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Posted 6 Sep 2018
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Build a Hierarchy Visualizer with JEEP, a New JavaScript Framework

, 16 Sep 2018
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This article introduces JEEP, a new OOP framework intended to make JavaScript robust, and demonstrates its power and flexibility by building a simple tool in a tutorial style.

Introduction

Attention: JEEP is not yet another single page application framework, neither is it another attempt to create a jQuery like library of utilities. This is a framework that is much deeper, and addresses the nature of the JavaScript language itself, and might be unlike what you might be used to. This article is best read with an open mind.

JEEP is an ambitious framework intended to impart features to JavaScript that enables robust software engineering by bringing object orientation to JavaScript beyond what is available in the language natively. Jeep makes it easy to create reusable, customizable and extensible components of complex structure and behavior compared what can be done with plain JavaScript code. It is a C++ inspired framework that tries to make JavaScript look, feel and behave like C++ for the most part, but fear not, it only imports the best features.

Jeep has a host of features and they all revolve around structure and semantics. Jeep is a rather large, complex and comprehensive framework, and what is shown here is the proverbial tip of the iceberg, but in the positive sense. You would have to read the 130+ page document at the github repository in which I discuss every aspect of the framework at length in order to fully appreciate Jeep. For simplicity, the features are reduced to these two lists.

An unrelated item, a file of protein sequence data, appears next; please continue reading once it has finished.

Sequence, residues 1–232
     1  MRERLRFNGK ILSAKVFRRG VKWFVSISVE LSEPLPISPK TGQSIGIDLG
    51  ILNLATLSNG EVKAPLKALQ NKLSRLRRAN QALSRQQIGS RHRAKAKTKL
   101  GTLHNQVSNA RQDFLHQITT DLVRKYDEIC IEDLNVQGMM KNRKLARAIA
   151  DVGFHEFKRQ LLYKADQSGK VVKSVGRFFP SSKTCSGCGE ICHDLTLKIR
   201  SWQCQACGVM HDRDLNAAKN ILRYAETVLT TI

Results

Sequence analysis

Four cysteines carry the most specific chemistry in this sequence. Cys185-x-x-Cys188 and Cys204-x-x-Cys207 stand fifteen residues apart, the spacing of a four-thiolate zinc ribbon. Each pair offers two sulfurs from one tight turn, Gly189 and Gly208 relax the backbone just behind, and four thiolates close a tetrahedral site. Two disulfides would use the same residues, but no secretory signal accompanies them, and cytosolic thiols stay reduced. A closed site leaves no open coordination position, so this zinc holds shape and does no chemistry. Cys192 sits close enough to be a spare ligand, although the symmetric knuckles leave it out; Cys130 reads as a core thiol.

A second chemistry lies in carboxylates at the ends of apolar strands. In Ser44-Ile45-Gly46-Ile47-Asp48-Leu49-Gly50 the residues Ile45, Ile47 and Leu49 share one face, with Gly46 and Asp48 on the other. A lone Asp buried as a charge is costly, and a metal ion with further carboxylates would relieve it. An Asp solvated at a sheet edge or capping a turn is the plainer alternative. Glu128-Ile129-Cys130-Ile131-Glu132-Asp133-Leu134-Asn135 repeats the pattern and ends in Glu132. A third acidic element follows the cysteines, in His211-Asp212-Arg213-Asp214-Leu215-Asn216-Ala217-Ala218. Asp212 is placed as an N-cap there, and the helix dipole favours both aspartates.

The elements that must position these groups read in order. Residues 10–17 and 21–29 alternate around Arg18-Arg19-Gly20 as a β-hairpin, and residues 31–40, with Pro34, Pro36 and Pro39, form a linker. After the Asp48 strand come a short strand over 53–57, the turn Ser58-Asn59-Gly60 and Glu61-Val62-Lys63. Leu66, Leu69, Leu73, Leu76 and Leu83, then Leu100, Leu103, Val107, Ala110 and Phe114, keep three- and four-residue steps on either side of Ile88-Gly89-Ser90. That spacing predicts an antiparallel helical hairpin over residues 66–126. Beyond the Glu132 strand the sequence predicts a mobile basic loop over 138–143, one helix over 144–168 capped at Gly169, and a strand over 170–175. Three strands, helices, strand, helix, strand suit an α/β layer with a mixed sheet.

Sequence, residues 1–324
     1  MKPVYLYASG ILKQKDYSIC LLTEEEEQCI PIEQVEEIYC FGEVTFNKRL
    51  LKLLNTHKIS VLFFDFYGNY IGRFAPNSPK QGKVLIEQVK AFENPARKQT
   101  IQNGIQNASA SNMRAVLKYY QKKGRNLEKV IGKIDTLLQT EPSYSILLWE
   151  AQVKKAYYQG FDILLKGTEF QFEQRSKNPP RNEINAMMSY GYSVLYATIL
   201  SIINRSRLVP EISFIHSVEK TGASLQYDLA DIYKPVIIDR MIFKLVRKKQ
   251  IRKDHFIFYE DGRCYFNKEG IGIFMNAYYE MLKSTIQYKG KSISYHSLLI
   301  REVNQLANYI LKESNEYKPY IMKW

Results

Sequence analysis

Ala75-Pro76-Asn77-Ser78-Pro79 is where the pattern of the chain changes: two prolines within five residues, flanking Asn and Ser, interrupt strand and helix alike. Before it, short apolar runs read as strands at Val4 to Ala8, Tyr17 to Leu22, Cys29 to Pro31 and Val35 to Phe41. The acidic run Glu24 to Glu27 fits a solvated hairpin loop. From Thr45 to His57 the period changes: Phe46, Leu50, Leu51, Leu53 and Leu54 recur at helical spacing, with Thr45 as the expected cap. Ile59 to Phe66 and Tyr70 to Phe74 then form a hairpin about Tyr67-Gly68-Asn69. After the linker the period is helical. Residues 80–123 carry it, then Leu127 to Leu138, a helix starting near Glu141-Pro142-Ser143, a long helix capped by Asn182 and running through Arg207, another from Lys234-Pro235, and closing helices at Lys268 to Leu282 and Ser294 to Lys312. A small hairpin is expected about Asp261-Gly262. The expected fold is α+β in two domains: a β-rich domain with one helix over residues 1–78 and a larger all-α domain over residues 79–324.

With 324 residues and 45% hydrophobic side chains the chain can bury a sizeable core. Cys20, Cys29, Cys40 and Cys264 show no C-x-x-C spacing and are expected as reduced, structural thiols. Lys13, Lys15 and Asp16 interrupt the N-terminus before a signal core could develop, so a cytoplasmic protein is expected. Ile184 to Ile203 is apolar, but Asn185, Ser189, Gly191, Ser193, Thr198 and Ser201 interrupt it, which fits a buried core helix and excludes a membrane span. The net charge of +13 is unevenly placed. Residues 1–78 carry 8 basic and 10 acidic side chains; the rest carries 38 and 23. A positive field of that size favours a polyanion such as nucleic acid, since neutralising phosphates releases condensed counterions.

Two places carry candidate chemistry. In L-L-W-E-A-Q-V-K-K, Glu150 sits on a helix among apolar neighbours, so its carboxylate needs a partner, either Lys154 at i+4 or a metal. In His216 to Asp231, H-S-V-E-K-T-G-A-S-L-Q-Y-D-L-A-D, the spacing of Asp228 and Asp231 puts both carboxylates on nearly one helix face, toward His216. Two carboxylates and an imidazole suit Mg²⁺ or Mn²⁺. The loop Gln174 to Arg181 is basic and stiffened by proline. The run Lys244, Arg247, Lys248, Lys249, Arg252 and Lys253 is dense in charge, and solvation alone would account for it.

Qualitative Features

  • enforces syntax and semantic rules strictly and imparts robustness to code
  • promotes writing intuitive, readable and easily extensible code
  • allows code to be highly structured and organized
  • improves productivity and performance

Technical Features

  • offers a range of objects to help model data and behavior appropriately
  • allows member with public, protected and private access restriction
  • allows member variables and functions to be constant
  • allows a series of validations on functions such as argument types, count, etc.
  • allows single and multiple inheritance with virtual and abstract functions
  • provides development mode and production modes (like debug and release build)
  • and much much more

A small hierarchy visualization tool is created for the demonstration. The hierarchy is intended to represent a brainstorming session. The tool is actually a simpler variation of the one shown in the example chapter of the Jeep manual. That tool was created to help me visualize class hierarchies and reason about their correctness.

To showcase the advantages of using Jeep, the code is compared and contrasted with plain JavaScript code. I will briefly introduce the different aspects of Jeep that we encounter in the process.

The Application

The UI has five components – diagram, script box, script toolbar, script list and legend. The script list is your typical explorer UI. The buttons do as the names suggest; Draw only draws, Add draws and adds the script to the list, Update draws and updates the current script, Remove removes the current script. The Ctrl+Enter key combination is equivalent to clicking the Draw button.

The script is very simple with limited power due to this being a sample application. The general pattern is parent[child1, child2, ...], where each entry is a name printed in the box. The names must not contain spaces, instead use hyphens that will be converted to spaces.